Nigella Lawson, Charles Saatchi


Many have seen (and been subsequently shocked by) the now-infamous Nigella Lawson choking photos taken over the summer, and now the photographer who snapped the shots is painting a picture behind the images.

The self-proclaimed paparazzo who snapped the shots of Charles Saatchi allegedly grabbing his then-wife's throat at Scott's restaurant in London on June 9 opened up to Vanity Fair in the publication's February issue, describing exactly what he witnessed firsthand.

"I saw her lurch violently backwards. I thought Charles was demonstrating something," the photographer, who only identifies himself as "Jean Paul" tells V.F. "It lasted about 30 seconds. Then he did it a second time, and it was so violent, with such force, that her head snapped backwards...I was taking pictures the whole time." 

NEWS: The 5 biggest revelations from Nigella's testimony

Nigella Lawson, Isleworth Crown Court, London, England

Mirrorpix / Splash News

Vanity Fair reports that Jean Paul took nearly 1,000 photographs at the restaurant over a period of about 27 minutes. The headline-making images led Saatchi to be slapped with a caution for assault from British police, and the pair later divorced.

Sources close to Saatchi tell V.F. that the argument centered on Nigella's daughter, Mimi, who had just secured an internship at The Economist. Lawson wanted her daughter to attend a university, while Charles believed she should focus on her career opportunity instead of her studies. According to the report, Lawson excused herself from the table, and when she returned, she was "unable to focus," so Saatchi was "holding [her] neck trying to get her attention," saying, 'Listen to me. I feel very passionate about this. I think it's great they love her at The Economist.'"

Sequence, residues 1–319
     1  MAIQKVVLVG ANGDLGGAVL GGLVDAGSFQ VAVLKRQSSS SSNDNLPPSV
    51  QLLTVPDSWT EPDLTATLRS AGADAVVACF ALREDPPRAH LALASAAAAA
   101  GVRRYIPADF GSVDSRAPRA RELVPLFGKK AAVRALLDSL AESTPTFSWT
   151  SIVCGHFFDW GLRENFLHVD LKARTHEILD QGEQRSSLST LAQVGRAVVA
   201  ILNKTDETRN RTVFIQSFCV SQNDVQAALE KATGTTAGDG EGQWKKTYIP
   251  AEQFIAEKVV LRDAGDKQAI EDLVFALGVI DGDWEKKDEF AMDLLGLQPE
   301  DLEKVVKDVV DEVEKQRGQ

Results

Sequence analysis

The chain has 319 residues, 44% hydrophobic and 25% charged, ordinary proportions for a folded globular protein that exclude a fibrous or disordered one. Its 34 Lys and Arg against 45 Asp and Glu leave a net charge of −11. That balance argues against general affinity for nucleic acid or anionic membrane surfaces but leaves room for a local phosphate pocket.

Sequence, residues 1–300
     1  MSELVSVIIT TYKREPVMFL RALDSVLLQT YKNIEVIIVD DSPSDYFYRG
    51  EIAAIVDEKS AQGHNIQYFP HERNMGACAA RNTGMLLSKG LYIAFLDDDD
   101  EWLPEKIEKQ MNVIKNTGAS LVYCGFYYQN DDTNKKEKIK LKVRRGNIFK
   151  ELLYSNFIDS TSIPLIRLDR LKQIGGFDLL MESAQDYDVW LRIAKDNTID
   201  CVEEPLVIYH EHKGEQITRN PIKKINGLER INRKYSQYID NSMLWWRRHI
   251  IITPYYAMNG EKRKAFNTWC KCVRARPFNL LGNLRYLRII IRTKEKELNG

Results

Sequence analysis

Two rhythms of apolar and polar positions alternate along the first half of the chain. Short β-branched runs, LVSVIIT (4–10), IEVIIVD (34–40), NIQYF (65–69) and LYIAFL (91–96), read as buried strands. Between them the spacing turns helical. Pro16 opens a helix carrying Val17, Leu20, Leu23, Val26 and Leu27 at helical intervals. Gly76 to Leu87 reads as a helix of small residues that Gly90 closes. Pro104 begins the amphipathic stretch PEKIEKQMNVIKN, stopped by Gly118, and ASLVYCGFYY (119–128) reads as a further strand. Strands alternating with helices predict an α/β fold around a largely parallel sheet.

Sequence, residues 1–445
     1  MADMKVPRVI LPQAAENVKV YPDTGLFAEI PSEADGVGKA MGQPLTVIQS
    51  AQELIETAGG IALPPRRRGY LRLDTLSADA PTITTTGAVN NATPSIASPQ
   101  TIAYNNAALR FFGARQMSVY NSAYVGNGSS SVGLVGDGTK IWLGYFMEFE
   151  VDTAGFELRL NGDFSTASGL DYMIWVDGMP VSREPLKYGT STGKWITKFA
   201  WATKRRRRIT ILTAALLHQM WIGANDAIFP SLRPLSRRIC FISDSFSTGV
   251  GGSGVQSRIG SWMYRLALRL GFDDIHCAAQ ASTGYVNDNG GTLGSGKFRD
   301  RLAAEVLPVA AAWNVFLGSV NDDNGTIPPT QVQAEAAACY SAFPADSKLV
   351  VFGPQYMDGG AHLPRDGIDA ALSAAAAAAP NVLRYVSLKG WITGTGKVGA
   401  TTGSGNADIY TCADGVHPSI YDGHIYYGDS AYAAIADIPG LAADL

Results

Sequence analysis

However, the celebrity chef told a different tale when she testified in court during the fraud trial of now-divorced duo's former assistants, Francesca and Elisabetta Grillo.

Nigella Lawson

Neil Mockford/FilmMagic

During her testimony, Lawson said "Charles told everyone that he was taking cocaine out of my nose...What actually happened was that somebody walked by with a very cute baby in a stroller and I said, 'I am so looking forward to having grandchildren.' And he grabbed me by the throat and said, 'I am the only person you should be concerned with—I am the only person who should be giving you pleasure.'"

The Grillo sisters also shared their side of the story while testifying during the trial, with Francesca claiming during her testimony that she believed the former couple was fighting over Nigella's alleged drug use at the restaurant in Mayfair. (Nigella confessed to using cocaine only once during her 10-year marriage to Saatchi in court.)

"The picture which stuck in my mind was Charles picking her nose. I thought maybe he had the same problem I had, he found some remains inside her nose relating to drugs and I thought maybe if he didn't know that maybe he didn't know that she authorised all the spending," Francesca said in defense of the allegations that she and her sister defrauded Lawson and her ex-husband out of more than £300,000 ($484,600) while under their employment.

NEWS: Five things to know about Nigella Lawson and Charles Saatchi

Nigella Lawson, Charles Saatchi

Dave M. Benett/Getty Images

The Grillo sisters were acquitted of the fraud charges and police chose not to investigate Lawson's purported drug use (the domestic goddess also admitted to smoking cannabis to deal with her "intolerable" marriage to Saatchi).

During an appearance on Good Morning America on Thursday, Jan. 2, Lawson said that having "distortions of [her] private life put on display" during the trial was "mortifying," but the 53-year-old chef insists she's not going to dwell on the past.

And the new year includes a prime-time slot, as Lawson is currently a judge alongside Anthony Bourdain, Ludo Lefebvre and Marcus Samuelsson on season two of The Taste, which airs Thursdays at 8 p.m. on ABC. 

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